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Local brass quintet to play premier concert in Solana Beach

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Seachange Brass quintet (Frank Glasson is on the far left).
(Courtesy)

A new, local jazz quintet will perform in Solana Beach to show the powerful sound that just five musicians can make together and to inspire children to pick up instruments.

Frank Glasson, a Solana Beach resident and trumpet player who has taught the Solana Beach School District Band for 25 years, came up with the idea for the Seachange Brass quintet about a decade ago. His dream finally came to fruition about six months ago, when he rounded out the group with Tim Saeger, trumpet; Rachel Trumbore, Trombone; Brian O'Donnell, bass trombone; and Matt Pennington, French horn.

Following various engagements, such as church services, Seachange Brass will perform its first concert at the Unitarian Universalist Fellowship of San Dieguito, 1036 Solana Drive in Solana Beach, on Jan. 13 at 6 p.m. A portion of ticket sales will go to the Solana Beach Band Program and other programs supporting school instrumental music. For more information visit https://www.UUFSD.org/concerts, and to purchase tickets visit https://www.uufsd.org/tickets/brass.

Glasson, who has performed in various orchestras and chambers and won a “Best Jazz Instrumental Solo” Grammy for improvised solos on “Jazztet” with the Westwind Brass Quintet, recently spoke about his excitement for the concert and for this new venture with Seachange Brass.

Frank Glasson
Frank Glasson Courtesy

Q: What is the history of the group?

A: It was about 10 years in the making, and I was just waiting to find the right players. It's difficult to find the right combination of personalities and musicians that are at a super-high level that are enthusiastic about playing in a chamber group like this. I just decided I was going to wait until that morphed on its own, and I knew I wanted to get younger players in the group, ones that are sort of fresh out of conservatories. I found a perfect match of people, and it's just been the best group I've ever played with. ... It's not the same when you're playing in an orchestra as it is when you're playing in a smaller group because instead of 100 people doing the job it's much more intimate musically for us and has much more communication going on. As an artist, as a musician, it's just way more satisfying on a musical level getting to be in a small group like that, especially with the right people.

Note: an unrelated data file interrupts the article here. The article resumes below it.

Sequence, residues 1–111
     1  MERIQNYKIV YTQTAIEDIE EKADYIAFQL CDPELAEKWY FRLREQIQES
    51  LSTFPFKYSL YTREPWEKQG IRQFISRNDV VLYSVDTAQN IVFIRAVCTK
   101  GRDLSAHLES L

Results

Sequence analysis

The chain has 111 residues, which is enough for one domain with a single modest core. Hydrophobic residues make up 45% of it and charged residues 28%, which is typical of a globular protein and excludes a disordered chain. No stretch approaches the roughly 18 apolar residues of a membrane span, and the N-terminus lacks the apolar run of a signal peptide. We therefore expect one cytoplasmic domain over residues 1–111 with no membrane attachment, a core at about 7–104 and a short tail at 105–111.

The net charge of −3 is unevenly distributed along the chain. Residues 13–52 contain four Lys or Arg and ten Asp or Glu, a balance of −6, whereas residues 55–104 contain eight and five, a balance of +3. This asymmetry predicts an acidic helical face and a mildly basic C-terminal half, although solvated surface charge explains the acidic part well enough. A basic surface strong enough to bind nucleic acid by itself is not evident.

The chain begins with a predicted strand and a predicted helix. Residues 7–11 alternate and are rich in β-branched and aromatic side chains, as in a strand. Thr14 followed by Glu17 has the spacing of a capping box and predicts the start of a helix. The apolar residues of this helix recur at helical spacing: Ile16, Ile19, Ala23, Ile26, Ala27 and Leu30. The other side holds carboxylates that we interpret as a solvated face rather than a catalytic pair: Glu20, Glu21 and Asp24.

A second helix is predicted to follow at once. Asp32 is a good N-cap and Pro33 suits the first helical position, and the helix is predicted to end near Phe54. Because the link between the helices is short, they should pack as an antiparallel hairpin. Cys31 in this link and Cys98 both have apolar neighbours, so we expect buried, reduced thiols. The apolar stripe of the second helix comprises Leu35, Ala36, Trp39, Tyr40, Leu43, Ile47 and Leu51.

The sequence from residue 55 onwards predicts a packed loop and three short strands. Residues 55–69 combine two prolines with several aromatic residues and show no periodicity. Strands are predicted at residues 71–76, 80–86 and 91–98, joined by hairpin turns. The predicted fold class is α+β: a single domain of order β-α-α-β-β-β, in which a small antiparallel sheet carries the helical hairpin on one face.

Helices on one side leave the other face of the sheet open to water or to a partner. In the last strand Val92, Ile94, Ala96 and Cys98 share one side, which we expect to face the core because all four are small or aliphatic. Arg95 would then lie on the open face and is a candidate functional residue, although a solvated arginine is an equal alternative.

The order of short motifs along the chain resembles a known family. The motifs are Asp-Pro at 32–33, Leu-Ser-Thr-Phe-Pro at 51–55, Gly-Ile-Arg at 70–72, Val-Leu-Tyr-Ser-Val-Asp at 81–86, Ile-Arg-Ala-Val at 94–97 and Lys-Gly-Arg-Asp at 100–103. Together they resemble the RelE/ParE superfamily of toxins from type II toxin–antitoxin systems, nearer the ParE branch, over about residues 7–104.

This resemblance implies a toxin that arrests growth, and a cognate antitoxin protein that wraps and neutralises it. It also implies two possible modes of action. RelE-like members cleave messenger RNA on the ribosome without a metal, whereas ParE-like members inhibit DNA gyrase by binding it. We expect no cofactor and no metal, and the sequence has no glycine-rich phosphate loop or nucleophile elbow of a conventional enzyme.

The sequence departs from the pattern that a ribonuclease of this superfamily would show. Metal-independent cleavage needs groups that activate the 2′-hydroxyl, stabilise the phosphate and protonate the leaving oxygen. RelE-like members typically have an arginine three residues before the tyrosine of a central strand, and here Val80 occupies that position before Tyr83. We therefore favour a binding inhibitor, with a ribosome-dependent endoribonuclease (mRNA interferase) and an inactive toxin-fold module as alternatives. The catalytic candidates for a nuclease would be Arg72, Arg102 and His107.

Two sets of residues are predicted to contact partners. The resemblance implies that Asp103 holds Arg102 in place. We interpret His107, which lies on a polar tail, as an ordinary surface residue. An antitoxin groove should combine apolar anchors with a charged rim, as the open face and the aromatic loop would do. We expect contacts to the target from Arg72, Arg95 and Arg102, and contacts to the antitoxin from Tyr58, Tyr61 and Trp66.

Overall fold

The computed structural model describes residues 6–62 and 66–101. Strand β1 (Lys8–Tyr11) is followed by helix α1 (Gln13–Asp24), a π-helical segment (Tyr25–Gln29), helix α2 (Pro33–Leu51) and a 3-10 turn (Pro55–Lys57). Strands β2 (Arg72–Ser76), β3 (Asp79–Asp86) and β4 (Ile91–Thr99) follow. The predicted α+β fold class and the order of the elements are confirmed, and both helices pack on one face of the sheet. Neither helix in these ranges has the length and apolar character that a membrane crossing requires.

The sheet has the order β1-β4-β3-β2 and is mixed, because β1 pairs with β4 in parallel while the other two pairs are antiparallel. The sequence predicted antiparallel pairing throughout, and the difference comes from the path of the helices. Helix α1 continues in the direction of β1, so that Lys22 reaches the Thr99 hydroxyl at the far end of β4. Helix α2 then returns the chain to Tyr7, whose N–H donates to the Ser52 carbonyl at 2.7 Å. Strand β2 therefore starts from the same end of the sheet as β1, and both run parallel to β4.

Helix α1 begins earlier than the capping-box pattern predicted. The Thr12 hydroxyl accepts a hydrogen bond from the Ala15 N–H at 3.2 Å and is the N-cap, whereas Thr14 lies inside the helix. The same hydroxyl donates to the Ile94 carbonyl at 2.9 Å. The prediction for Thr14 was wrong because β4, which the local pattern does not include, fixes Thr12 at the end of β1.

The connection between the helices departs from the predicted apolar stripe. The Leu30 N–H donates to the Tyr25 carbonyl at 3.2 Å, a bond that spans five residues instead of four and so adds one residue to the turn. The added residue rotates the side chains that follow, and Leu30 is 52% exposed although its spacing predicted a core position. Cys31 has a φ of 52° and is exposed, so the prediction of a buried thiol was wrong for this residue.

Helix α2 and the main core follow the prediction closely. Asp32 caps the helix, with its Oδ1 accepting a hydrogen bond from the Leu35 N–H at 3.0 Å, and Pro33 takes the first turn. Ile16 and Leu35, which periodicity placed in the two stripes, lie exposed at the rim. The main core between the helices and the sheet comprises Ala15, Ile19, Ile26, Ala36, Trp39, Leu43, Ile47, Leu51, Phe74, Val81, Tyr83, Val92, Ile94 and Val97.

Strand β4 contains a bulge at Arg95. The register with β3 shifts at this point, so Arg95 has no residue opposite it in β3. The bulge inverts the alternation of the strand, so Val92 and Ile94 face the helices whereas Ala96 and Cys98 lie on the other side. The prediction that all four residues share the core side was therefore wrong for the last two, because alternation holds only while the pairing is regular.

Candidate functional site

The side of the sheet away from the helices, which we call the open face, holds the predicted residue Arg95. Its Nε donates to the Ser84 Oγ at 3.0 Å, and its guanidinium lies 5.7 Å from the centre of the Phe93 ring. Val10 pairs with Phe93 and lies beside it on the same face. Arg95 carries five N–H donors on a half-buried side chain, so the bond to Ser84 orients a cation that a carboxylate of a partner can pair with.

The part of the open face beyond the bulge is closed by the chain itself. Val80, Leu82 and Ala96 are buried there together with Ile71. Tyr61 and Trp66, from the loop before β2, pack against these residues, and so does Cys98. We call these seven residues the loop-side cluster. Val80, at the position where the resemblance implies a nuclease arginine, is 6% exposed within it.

Q: What are your goals as a group?

A: We're all educators and teach privately and coach at high schools. We would like to reach out to more of the Title 1 schools that don't have music programs and the kids aren't exposed to any live music at all. We're in the process of getting donations, grant money and other support to get out to the schools and do interactive outreach for the kids. We want to get them excited about maybe playing an instrument. We have some more former students and current students that want to be music educators. We have a process of getting an afterschool music program at these schools that don't have any music.

Q: Why is it important to you to instill this love and appreciation of music into children?

A: It's been proven that playing a musical instrument increases the IQ, brain activity and the ability for critical thinking, which is needed to succeed in life. If these kids aren't exposed to anything but video games then they're not getting that stimulus they need to help them have the skills later in life. It's a great vehicle to make society a better place. The other thing is, we want to keep some kids off the streets and give them a hobby that runs much deeper than most other hobbies because there's a much more personal investment in it. It can be a way of giving them a purpose in their life that they wouldn't normally have. We also need future audiences for what we do for a living. Symphony orchestras won't have future audiences unless the kids want to go to those symphony concerts and hear them.

Q: What can people expect from this concert on Jan. 13?

A: The biggest thing we're going after at this point is just to show the versatility of the group, that we can play everything from Bach to Bebop. We'll also play some newer composers and the old standards, like West Side Story and we'll end with some jazz tunes as well. We want audiences to know that a group of five brass players can generate some amazing colors and sound like we're five times the size we are. The caliber of players is on such a high level. I think the audience is really going to find something different from this concert than they've found from any other concert that they've ever been to.


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